In a recent post, Chris Flaat offers some good advice for developers who include "linked files" in their source-controlled projects. Linked files, which are also called "reference files" in some language projects, are files that do not occupy the same drive or directory on disk as the project file itself. Chris explains that adding linked files to your source-controlled projects can complicate the management of projects in Visual Studio .NET. Somewhere in this explanation, he refers to the concept of a "unified root". 

A unified root is the folder in an hierarchical directory beneath which all the files referenced by a [source-controlled] solution or project can be found. Chris Flaat defines it as "the closest common parent to all the files in the project" (which is a great definition except that I would replace the word project with 'solution'). C:\ is the unified root of a solution whose solution file (*.sln) lives at c:\solution1.sln and whose one project lives in c:\projects\ProjA.csproj. So what is the unified root of a solution whose .sln file lives in C:\Solution1 and whose only project lives in D:\ProjA?  No existe. Since C:\ and D:\ are inherently parentless directories, Solution1 is without a unified root.

In Visual Studio .NET 2002 (v1), such "Unified Rootless" solutions occasioned a number of hard-to-explain source control foibles, especially in the context of multi-project solutions. The end user experience was good, but not excellent.  Two of the most noticeable foibles were seemingly redundant SCC prompts and a 'Yes All' button that did not always work as expected when performing batch SCC operations.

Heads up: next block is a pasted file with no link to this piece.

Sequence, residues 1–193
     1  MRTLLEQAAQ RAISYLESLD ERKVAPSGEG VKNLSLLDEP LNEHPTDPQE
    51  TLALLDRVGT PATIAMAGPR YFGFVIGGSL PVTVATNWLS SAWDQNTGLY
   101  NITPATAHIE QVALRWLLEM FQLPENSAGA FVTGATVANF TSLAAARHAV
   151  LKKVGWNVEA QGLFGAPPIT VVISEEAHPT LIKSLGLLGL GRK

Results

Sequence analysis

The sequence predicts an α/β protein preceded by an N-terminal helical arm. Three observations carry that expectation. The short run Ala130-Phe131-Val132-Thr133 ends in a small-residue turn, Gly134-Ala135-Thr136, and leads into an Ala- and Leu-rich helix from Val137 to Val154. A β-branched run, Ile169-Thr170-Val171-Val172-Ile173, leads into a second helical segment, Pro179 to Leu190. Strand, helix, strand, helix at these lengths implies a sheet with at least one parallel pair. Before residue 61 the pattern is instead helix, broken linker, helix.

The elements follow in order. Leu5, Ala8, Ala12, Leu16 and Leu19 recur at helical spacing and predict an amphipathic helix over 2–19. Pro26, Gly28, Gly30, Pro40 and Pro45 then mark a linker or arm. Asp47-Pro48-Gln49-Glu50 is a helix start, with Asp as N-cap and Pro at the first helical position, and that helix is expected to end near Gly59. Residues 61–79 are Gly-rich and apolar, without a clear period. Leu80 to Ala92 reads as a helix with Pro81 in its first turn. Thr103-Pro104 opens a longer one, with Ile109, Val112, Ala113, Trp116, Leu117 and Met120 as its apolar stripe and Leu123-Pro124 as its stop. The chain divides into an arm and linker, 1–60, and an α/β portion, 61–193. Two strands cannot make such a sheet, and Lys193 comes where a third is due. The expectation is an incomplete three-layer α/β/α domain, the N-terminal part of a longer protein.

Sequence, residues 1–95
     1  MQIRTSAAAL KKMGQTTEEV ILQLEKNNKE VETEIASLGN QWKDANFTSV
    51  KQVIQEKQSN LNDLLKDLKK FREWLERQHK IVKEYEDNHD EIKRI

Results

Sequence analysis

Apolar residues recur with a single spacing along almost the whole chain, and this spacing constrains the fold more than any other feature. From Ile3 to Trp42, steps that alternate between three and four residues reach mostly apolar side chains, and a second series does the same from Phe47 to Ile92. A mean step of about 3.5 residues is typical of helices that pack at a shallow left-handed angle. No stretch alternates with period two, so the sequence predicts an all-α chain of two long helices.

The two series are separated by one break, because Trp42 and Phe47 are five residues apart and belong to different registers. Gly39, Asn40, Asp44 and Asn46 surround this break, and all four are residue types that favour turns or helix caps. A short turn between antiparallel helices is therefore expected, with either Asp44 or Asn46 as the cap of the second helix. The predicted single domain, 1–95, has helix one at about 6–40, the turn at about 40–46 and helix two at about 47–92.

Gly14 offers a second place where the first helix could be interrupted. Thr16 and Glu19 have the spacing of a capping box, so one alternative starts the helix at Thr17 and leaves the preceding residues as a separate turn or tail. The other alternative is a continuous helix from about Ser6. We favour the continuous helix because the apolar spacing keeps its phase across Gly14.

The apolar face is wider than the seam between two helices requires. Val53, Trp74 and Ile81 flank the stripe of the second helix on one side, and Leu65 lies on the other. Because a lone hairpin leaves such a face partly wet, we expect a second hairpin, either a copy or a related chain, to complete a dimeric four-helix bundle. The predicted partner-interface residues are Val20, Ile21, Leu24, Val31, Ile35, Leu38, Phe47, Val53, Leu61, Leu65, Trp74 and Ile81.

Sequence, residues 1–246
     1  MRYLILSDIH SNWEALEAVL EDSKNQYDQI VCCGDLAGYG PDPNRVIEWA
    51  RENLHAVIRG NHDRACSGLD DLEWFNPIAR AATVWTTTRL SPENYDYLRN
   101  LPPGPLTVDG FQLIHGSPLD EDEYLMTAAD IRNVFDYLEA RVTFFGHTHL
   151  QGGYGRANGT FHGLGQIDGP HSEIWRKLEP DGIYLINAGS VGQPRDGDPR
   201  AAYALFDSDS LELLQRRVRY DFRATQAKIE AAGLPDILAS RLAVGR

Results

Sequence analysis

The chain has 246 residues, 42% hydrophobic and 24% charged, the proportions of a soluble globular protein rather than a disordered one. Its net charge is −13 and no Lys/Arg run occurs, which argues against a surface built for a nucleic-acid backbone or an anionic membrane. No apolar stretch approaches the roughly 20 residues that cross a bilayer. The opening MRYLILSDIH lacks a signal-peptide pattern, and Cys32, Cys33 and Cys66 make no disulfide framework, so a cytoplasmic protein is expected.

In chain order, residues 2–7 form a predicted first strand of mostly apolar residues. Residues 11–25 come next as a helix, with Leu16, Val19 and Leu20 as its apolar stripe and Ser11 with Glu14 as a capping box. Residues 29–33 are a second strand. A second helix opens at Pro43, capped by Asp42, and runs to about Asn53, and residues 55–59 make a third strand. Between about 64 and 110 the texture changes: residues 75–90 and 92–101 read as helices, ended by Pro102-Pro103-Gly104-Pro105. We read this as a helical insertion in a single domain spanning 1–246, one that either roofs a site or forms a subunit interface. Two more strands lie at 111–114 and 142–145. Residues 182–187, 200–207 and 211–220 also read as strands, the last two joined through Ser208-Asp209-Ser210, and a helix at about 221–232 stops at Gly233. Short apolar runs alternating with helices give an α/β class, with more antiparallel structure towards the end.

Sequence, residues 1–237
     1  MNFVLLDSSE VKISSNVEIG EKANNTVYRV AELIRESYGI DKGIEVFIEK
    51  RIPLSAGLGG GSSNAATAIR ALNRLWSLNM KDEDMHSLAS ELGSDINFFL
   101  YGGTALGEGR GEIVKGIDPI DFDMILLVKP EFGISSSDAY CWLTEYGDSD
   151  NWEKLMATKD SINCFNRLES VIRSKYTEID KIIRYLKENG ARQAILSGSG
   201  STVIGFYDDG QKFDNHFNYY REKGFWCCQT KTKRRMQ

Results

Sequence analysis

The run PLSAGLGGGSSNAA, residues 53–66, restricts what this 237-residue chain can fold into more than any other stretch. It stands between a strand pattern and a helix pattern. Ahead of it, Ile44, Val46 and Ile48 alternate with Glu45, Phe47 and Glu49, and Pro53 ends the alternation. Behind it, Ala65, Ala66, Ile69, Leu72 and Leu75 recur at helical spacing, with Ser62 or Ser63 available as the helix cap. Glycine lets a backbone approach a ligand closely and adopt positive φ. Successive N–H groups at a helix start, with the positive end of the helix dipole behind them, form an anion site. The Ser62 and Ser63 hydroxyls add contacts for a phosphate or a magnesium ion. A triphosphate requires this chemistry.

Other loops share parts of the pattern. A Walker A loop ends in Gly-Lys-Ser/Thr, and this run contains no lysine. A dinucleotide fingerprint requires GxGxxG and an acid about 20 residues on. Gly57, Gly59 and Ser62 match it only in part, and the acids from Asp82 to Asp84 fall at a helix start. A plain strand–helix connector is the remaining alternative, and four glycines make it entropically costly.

Recently, several VS.NET 2003 (v2) customers have inquired about a "mysterious" new folder (SolutionName.root) that keeps showing up in their source control databases when adding solutions to SCC via Visual Studio .NET 2003 (aka "Everett"). It's not a Microsoft conspiracy, I promise :-). It's a feature.

To elevate the user experience from good to excellent, the SCC feature team implemented a simple and elegant fix in VS .NET 2003 that creates an empty .ROOT folder in the source control database and then adds child folders for the solution and projects thereunder. Essentially, the empty .ROOT folder maps to an as yet undefined and uncalculated  [Blank**]-Unifed Root, with the following benefits (partial list):

  • Fewer SCC Prompts--now, you can create a solution, populate it with three new projects, add it to source control, and experience the magic of... nothing.
  • Parallel File Organization--now, if your solution and projects all reside on a single drive, their source control "view" (hierarchical organization) is practically the same as their logical "view" in Solution Explorer*. This organizational parallelism has many benefits, especially in the area of advanced source control operations such as binding-unbinding and sharing-branching-merging.